By succeeding for so long, Lane brought stability to the program. Joe Schartz, the current MHS head football coach, said Lane would often discuss consistency and continuity with coaches, who he called “golden threads” of the program.
“Coach Lane was the golden thread,” Schartz said. “Coach Lane was always quick to give credit to his assistant coaches, recognizing they were all part of the thread. To me, his constant recognition of the work others around him were doing exhibited his humility.”
MHS principal Greg Hoyt, who graduated in 1983 and played for Lane, became one of his assistants a few years later. He said Lane would always say: “Never accept anything but their best.”
“He was as intense as any individual that I’ve ever encountered,” Hoyt said. “Screaming. Yelling. Grabbing face masks. It all happened. But it happened because he knew that whatever you were giving as a player, as a coach, it wasn’t the ceiling of what you had. There was always another level to be achieved. He understood that there was more to give, and he may not have known how much more, but there was more.”
Lane seemed to be respected by everyone.
Bill Snyder, who retired as Kansas State’s head football coach in December, said Lane was a special man.
“I thought, as a coach, what I appreciated about him was how he was so very promotional of a values system for young people,” Snyder said. “He promoted discipline in a good way — doing things right, being good students and all that goes along with it. Just very consistent. Did things the right way himself and made sure everybody in his program held to it. As an individual, he’s somebody who cared. He did the right things in his own life, was a family man. Cared about the people around him.”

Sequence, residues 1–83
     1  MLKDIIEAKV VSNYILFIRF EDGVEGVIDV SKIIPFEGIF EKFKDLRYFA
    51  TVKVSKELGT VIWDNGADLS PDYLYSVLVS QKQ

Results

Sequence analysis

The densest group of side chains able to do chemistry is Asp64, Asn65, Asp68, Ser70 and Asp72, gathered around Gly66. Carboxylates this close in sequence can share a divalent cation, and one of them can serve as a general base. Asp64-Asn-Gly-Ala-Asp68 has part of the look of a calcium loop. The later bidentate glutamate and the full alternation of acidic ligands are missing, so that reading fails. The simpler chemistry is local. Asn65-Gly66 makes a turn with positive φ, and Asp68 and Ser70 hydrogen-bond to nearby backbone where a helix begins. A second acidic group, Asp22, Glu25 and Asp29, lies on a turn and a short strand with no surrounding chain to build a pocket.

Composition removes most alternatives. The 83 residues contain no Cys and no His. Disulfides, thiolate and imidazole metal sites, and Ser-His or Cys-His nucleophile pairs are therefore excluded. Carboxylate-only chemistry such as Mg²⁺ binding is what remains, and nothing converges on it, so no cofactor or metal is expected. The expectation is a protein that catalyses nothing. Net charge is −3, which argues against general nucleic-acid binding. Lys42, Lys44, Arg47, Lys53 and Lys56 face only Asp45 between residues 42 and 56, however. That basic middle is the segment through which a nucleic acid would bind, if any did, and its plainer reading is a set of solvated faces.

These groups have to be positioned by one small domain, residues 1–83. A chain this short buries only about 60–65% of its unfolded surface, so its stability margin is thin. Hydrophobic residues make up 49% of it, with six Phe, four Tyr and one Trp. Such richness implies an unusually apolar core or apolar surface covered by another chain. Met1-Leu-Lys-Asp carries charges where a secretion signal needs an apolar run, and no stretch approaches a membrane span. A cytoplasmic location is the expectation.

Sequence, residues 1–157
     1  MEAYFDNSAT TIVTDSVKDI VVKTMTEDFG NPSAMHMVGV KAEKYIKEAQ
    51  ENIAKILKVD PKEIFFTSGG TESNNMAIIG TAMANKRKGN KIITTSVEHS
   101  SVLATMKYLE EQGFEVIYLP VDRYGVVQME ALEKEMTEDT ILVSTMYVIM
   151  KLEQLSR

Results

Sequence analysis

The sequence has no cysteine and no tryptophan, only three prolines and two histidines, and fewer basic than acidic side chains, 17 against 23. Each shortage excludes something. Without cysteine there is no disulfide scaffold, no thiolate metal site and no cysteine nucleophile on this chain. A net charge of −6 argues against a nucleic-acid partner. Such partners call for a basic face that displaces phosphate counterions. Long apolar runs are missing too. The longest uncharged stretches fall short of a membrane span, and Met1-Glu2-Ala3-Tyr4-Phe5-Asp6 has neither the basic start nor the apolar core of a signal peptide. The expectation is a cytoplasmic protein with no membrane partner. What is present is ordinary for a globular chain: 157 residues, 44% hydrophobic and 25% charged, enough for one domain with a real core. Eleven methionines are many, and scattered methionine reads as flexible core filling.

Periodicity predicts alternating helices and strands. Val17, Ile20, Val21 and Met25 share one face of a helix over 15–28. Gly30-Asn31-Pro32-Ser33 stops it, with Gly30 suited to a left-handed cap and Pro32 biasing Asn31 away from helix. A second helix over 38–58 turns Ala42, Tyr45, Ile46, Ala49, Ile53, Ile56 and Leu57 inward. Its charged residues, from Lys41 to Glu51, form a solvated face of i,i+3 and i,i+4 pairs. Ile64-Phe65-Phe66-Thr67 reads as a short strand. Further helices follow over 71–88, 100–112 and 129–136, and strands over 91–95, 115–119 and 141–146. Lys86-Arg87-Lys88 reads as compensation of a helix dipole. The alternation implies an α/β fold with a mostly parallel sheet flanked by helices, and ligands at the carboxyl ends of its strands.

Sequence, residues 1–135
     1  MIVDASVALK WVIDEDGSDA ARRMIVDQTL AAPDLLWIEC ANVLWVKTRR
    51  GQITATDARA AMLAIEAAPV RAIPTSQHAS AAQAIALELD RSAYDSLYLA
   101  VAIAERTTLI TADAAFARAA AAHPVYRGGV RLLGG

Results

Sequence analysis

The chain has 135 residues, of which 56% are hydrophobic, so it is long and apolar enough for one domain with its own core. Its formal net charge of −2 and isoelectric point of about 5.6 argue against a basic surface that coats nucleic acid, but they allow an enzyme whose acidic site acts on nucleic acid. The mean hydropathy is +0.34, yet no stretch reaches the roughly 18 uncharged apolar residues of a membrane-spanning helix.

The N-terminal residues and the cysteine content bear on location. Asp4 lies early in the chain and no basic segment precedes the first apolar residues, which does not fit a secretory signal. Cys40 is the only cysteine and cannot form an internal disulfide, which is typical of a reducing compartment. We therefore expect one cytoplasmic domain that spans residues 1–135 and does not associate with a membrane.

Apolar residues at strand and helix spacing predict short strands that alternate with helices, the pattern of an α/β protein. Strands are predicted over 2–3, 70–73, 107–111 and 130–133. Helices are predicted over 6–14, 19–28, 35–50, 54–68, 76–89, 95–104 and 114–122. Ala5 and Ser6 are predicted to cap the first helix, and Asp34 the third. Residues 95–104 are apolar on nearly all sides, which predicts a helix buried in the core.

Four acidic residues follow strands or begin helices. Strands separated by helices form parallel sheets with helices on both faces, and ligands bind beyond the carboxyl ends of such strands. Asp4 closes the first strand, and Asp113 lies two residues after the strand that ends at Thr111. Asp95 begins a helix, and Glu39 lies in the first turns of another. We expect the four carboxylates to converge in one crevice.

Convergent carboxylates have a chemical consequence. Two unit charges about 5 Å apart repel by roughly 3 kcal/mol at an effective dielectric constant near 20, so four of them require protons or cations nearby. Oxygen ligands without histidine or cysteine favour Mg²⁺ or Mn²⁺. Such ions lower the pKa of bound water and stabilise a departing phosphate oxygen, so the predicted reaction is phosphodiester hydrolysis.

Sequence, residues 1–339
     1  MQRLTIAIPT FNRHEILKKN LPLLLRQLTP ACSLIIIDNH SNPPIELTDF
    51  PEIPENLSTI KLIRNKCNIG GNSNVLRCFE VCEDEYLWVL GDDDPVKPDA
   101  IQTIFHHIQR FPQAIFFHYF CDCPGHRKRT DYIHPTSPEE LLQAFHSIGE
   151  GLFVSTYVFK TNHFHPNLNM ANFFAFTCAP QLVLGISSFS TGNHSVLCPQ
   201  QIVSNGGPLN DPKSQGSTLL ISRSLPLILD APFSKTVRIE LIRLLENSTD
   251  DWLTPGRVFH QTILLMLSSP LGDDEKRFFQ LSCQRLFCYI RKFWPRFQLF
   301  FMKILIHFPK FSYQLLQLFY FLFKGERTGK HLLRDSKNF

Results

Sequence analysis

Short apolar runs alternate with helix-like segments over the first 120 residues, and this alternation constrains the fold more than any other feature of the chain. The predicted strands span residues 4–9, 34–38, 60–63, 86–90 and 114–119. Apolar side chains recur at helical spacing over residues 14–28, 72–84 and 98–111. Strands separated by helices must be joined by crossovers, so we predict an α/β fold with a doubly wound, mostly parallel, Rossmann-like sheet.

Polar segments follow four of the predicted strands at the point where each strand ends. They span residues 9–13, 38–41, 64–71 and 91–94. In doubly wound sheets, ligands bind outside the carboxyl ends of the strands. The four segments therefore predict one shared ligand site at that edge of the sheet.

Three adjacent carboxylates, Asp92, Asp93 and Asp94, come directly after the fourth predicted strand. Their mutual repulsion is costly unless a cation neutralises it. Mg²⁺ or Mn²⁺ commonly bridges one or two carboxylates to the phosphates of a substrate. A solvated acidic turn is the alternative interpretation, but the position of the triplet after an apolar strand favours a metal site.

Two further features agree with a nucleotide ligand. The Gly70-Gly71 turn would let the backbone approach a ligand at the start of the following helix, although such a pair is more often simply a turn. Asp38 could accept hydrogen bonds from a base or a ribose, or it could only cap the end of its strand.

Lane’s legacy didn’t end when he retired in 1997. In 2015, the field at Bishop Stadium was named after Lane.
For Schartz, one Lane refrain sticks out most.
“Remember who you are, and where you come from.”
Those words are on the MHS football locker room walls. Everyone in the program, Schartz said, understands their significance.
“Coach Lane would often come by and see me,” Schartz said. “We had great conversations. He always offered his support and wisdom. He was a great storyteller, which helped endear him to his players. The pride he instilled in the program and his players still exists today.
“I will miss Coach Lane’s friendship, our conversations, his stories and his unwavering support of me and MHS football. Coach Lane will be dearly missed.”
For two decades, the fiery, passionate Lane motivated players to come together to achieve goals.
“By (Lane) challenging us to ‘never forget who we are and never forget where we came from,’ we eventually came to realize it really wasn’t about ourselves at all, but about being a part of something bigger, about working our tails off towards something we could not possibly do on our own,” Veatch said.
Lane is survived by his wife, Cindy, and their daughter, Kiley, both of Manhattan.
A funeral is scheduled for Friday at 10:30 a.m.
The Mercury will publish a full obituary in an upcoming edition.